How much roof overhang?

Discussion in 'Coop & Run - Design, Construction, & Maintenance' started by debid, Feb 1, 2011.

  1. debid

    debid Overrun With Chickens

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    I'm planning to put a simple slant roof on my coop. If I put a 12" wide ventilation hole running the full length of the coop at the top of the tall side, how much roof overhang would I need to keep the rain out? My husband thinks it's a crazy idea and we'd need 3' of overhang to keep the rain out if there was any wind at all. He's picked out some 2" wide aluminum venting strips that he wants to use on both the tall and short sides with the idea that the air will flow through this way and that will be more effective.

    Thoughts?
     
  2. Dogfish

    Dogfish Rube Goldberg incarnate

    Mar 17, 2010
    Western Washington
    If this is on the back side, go with 6". It would take a heck of a wind to push much rain in there.
     
  3. patandchickens

    patandchickens Flock Mistress

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    If I put a 12" wide ventilation hole running the full length of the coop at the top of the tall side, how much roof overhang would I need to keep the rain out?

    Sorry, would need mroe information -- depends greatly on what the pitch of the roof is, how much space between top of roof decking and the vent, and your climate and which way the coop is facing.

    As a general answer, I would say: if you expect winds to be actually blowing towards that vent, no amount of shed-roof overhang will really keep out the precipitation. So either put the coop with its "back" to yer problem winds, or in a sheltered enough location (in warm climate) that it doesn't really matter a lot, or think about putting a drop section or little 'porch roof' on the edge there to provide a more-useful overhang. Or, put vents in the opposite side too, so that on days when the wind blows from the front of the coop, you close those vents entirely and open the ones on the back wall.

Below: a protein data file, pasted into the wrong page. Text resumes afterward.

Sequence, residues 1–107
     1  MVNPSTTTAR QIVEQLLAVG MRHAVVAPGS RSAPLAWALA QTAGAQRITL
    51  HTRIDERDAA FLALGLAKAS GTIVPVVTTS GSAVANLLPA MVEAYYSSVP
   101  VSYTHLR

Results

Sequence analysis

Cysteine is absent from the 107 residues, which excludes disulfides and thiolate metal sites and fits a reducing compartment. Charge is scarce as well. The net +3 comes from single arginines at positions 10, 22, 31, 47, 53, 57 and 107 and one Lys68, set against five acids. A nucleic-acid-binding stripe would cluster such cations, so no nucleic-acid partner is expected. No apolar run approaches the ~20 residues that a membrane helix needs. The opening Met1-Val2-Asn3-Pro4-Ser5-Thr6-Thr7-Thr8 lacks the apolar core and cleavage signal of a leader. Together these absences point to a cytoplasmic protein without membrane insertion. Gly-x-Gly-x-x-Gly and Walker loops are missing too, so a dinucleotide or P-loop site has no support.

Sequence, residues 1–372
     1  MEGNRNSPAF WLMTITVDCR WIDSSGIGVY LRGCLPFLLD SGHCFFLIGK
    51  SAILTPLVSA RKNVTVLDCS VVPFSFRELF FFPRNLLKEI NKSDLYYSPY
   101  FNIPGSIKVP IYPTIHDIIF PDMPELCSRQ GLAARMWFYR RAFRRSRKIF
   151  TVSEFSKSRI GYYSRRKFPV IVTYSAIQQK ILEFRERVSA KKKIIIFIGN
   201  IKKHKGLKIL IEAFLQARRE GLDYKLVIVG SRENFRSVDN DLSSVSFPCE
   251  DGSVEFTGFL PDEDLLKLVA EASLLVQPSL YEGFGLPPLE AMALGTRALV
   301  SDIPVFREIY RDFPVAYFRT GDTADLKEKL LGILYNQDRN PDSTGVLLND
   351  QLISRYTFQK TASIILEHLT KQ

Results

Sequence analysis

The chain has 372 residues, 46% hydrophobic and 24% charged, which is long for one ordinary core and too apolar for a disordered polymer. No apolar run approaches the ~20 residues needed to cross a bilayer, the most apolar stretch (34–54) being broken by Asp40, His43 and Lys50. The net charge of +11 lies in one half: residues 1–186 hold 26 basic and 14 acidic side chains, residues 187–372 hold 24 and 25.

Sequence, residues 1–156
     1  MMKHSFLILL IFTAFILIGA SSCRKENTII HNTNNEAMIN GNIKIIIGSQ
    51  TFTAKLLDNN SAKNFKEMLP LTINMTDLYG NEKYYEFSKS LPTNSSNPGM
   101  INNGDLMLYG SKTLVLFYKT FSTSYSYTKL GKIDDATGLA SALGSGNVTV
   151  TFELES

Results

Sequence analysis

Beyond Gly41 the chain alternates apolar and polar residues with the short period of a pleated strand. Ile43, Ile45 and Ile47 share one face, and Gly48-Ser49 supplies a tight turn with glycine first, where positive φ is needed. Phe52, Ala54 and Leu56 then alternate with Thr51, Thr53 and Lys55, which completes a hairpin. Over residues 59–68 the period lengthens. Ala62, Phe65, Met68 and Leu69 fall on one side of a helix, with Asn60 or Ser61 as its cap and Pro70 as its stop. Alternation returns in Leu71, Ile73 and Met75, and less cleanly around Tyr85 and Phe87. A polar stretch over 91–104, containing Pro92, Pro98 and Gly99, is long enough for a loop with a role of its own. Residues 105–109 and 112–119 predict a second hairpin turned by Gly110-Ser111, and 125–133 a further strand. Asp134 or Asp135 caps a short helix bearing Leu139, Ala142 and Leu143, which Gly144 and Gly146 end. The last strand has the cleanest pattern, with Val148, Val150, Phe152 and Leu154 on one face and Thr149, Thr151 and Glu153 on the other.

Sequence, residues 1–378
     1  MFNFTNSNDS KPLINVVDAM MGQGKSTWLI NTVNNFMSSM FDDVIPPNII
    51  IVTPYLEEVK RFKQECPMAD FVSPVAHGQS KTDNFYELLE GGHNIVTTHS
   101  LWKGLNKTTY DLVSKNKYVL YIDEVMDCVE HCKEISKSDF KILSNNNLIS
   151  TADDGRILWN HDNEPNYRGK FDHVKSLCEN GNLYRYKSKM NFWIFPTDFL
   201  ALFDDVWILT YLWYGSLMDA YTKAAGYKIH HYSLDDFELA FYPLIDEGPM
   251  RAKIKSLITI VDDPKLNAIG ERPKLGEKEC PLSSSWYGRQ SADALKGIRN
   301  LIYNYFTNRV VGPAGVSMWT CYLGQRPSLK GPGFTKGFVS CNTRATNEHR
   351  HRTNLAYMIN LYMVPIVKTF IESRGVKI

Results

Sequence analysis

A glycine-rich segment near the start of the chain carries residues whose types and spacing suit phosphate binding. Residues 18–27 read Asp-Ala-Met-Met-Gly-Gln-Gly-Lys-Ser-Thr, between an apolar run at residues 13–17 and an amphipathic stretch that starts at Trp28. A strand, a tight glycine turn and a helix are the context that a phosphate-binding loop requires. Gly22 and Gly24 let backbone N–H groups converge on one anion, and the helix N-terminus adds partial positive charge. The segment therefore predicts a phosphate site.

My husband thinks it's a crazy idea and we'd need 3' of overhang to keep the rain out if there was any wind at all. He's picked out some 2" wide aluminum venting strips that he wants to use on both the tall and short sides with the idea that the air will flow through this way and that will be more effective.

    As per above, if you are talking about wind blowing actually TOWARDS that side of the shed, he is essentially correct; however his idea will not work either, because it will result in *radically* insufficient ventilation [​IMG]

    Good luck, have fun,

    Pat​
     
  4. wyoDreamer

    wyoDreamer Chillin' With My Peeps

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    If by a single slant roof, you mean a roof that does not form a "/\\" but is a single "\\", it would depend on the slope of the roof if it would work or not. If you are putting a good slope on the roof to shed snow, then he may be right about the amount of overhang you would need. If the roof is almost flat, it may work OK.

    I believe that a 5:12 slope (5" up for each 12" over) on the roof is the least you would want for any snow. At a 5:12 you would need over 2' of over hang to stop a rain that is coming down at a 45 degree slant. Any decent breeze will blow rain at a greater angle than that.